Athletics & Recreation
It was the golden age of college football, and Harry Mehre added luster to the game in many ways.
Born John Henry Joseph Mehre in Huntington in 1901, he was always known as Harry. He played football at Huntington High School until a player’s death prompted the school to suspend the team prior to Mehre’s senior year.
He turned his attention to basketball, and played well enough to earn a scholarship to Notre Dame.
It was while playing basketball that Mehre caught the eye of legendary coach Knute Rockne, who convinced Mehre to join the Irish football team. Mehre played both sports for three years, and served as captain of the basketball team as a junior and senior.
Playing center for the football team, Mehre anchored Rockne’s offensive line, which was nicknamed “The Seven Mules.” and paved the way for the storied George Gipp. Over Mehre’s three football seasons from 1919-21, Notre Dame lost just one game.
Like many of Rockne’s players, Mehre entered the coaching ranks. Rockne and Mehre had a special connection, and corresponded often until Rockne’s death in a plane crash in 1931. In those letters and telegrams, which are preserved at the University of Notre Dame, the coaches exchange personal greetings, information on individual players, scouting of opponents and game strategies.
Mehre was named University of Georgia football coach in December, 1927. At that time, Eastern football – and Notre Dame – dominated the college football landscape. Southern football had yet to rise to national prominence. By hiring Mehre with his Notre Dame lineage, Georgia had committed to become a major force in college football. The school built the 35,000-seat Sanford Stadium, and convinced powerhouse Yale to make its first-ever trip below the Mason-Dixon Line for a 1929 contest to dedicate the new field.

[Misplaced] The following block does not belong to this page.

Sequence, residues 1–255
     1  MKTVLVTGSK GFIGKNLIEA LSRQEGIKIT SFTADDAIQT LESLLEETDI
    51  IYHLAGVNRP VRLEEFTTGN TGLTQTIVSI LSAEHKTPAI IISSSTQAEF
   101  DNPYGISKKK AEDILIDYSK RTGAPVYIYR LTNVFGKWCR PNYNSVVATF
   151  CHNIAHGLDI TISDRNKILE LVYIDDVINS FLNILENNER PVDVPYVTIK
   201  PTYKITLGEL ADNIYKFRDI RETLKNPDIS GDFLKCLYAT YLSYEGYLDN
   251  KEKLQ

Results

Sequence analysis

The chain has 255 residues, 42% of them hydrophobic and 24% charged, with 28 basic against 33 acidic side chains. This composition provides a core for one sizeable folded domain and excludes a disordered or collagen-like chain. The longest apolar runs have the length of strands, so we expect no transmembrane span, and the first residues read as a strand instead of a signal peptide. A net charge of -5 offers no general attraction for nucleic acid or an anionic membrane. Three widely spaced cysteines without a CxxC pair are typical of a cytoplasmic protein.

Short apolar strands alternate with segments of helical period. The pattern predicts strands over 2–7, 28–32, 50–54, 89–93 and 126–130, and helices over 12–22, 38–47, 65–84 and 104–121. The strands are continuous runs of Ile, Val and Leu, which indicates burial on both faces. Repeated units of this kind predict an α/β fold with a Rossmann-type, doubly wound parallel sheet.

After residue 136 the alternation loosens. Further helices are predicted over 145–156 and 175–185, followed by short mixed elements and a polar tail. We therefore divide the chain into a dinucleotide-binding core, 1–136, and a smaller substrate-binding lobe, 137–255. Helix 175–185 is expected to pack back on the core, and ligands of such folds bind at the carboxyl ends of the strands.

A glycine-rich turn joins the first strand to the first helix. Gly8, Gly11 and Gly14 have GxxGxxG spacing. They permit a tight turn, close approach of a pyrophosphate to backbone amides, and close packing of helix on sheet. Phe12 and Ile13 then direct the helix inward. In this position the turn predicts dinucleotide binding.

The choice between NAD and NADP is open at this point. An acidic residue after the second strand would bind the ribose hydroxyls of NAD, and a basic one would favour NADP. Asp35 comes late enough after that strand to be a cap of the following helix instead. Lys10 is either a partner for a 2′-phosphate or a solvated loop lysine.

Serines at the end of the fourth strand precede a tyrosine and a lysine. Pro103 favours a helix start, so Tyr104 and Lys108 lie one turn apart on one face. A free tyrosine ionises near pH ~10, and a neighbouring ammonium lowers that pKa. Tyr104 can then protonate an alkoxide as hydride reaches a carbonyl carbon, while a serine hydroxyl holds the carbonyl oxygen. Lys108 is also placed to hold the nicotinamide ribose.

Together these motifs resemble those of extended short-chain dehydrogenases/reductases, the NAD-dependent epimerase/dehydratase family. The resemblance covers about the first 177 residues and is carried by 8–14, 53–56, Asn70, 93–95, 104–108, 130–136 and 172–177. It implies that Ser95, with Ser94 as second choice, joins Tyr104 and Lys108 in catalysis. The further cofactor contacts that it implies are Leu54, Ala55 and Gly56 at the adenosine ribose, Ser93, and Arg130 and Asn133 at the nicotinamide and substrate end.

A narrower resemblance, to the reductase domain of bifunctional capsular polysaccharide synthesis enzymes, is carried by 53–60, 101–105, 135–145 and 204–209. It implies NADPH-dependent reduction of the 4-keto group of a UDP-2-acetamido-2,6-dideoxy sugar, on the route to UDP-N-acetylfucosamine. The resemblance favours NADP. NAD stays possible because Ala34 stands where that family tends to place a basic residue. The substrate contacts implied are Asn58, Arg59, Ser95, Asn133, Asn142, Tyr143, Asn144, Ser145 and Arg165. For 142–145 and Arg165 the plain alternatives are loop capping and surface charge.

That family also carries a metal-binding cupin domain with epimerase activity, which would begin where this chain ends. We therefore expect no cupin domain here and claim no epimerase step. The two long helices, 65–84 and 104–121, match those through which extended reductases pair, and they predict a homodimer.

On October 12, 1929, before an overflow crowd, Mehre’s Bulldogs stunned Yale 15-0. Vernon “Catfish” Smith, one of Mehre’s “Flaming Sophomores” scored all of Georgia’s points. The win put southern football on the map.
Georgia played Yale in each of the next four years, all in New Haven, Connecticut. The Bulldogs won every time, proving the 1929 win was no fluke. Mehre’s success against one of the country’s best teams earned him a place in Georgia football lore.
After that first Yale win, Mehre was rewarded an oral “lifetime” contract. But in his 10th season at Georgia, Mehre’s team finished 6-3-2, and the Bulldog faithful grew restive. Mehre resigned at the end of the season with an overall mark of 59-34-6. The always-quotable Mehre quipped, “I had a lifetime contract at Georgia until the alumni declare me legally dead.”
Mehre moved on to Mississippi where he coached another seven seasons, including a pair of 9-win campaigns. He left coaching after the 1945 season, having fashioned a 98-60-7 record over his 17-year career.
Mehre was among the first coaches to make the climb from sidelines to pressbox. He started writing for the Atlanta Journal-Constitution, and for more than 20 years he offered analysis and memories with a unique combination of insight and humor. In 1971, he was inducted into the Georgia Sports Hall of Fame.
Harry Mehre died in 1978. In 1986, Butts-Mehre Heritage Hall was dedicated on the University of Georgia campus in honor of Mehre and fellow Bulldog coach Wally Butts.